The 1892 Blake rifle
John H. Blake of New York constructed his rifle in response to the fact that very few domestic designs were submitted to US Army rifle trials (1890–93). The rifle used a unique, 7-round rotary magazine. It was unique because it was detachable, whereas other rifles at the time using similar type of feed used non-detachable rotary magazines (Savage M1892). As such the detachable magazine was often described as a packet, or en-bloc clip, due to the lack of a more proper term at the time.
The Stg45m is the simpler, easier to build cousin of the revolutionary Stg44. Faced with losing the war between the Russians on one side and the US & UK on the other, Germany sought to develop a cheaper gun to replace both the K98 Mauser and the new STG44. The Stg45m cost an amazing $12 to build in the later stages of the war. It fired the somewhat-powerful 7.92×33 kurtz, which has a similar power to that of the 7.62×39 round of the AK 47. Thankfully Germany was only able to build a few prototypes before the end of the war.
The Pedersen Rifle
The Pedersen rifle was one of the only other viable contenders in the program that brought us the M1 Garand and M1941 Johnson rifle. While the Pedersen rifle never achieved the status of a standard-issue weapon of the U.S. Army, the rifle did have a visible impact on the process by which the ultimate winner—the M1 Garand rifle—was selected. John Pedersen’s work in creating and improving his rifle was a coherent research and development process which significantly raised the bar for those trying to get a hearing from Army Ordnance regarding their designs. Significantly, the only serious competition that the Pedersen rifle had in the end was the rifle created by John C. Garand—like Pedersen, a talented designer and engineer with a solid grounding in the particulars of production tooling.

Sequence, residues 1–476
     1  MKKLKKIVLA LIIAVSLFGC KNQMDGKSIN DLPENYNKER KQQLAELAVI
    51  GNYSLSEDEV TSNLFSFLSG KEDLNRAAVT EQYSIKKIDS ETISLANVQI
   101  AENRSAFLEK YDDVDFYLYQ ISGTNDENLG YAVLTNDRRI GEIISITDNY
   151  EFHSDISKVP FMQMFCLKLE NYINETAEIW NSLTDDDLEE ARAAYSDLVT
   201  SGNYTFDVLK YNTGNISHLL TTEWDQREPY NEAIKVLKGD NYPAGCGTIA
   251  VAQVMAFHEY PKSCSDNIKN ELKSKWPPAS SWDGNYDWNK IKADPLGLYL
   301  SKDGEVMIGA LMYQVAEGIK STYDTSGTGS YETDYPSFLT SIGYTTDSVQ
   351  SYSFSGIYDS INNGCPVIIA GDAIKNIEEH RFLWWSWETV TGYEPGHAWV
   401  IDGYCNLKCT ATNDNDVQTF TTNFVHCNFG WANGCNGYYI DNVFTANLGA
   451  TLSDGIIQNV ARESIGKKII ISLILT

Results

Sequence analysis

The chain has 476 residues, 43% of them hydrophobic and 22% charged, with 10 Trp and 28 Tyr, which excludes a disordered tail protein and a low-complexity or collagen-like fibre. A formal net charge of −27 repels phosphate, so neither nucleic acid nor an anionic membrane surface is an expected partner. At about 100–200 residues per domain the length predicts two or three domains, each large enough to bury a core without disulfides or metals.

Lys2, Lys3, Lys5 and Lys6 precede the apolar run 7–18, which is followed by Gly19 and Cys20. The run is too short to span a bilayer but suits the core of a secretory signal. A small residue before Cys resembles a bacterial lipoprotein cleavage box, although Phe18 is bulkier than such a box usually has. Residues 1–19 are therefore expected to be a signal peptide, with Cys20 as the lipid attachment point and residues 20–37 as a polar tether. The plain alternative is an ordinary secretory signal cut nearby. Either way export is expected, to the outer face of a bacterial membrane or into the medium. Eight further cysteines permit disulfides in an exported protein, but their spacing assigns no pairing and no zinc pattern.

There’s not a whole lot to say about this – It’s the smallest centerfire known to man. Patented in 1910 and introduced in 1914 by Franz Pfannl, an Austrian watchmaker, with financial support from Georg Grabner. It was designed to accompany the Kolibri semi-auto pistol or single shot pistol, both marketed as self-defense weapons.
The Mondragon represents the first in a line of somewhat revolutionary but completely overlooked rifles. Due to the lack of infrastructure in Mexico, SIG industries in Switzerland was entrusted to manufacture the rifle. Later on the features were incorporated in the venerable K11 and K31 bolt action rifles. In 1908 Mondragon yet again developed another revolutionary concept – A magazine fed, select fire rifle. The concept wouldn’t be fully utilized for many years.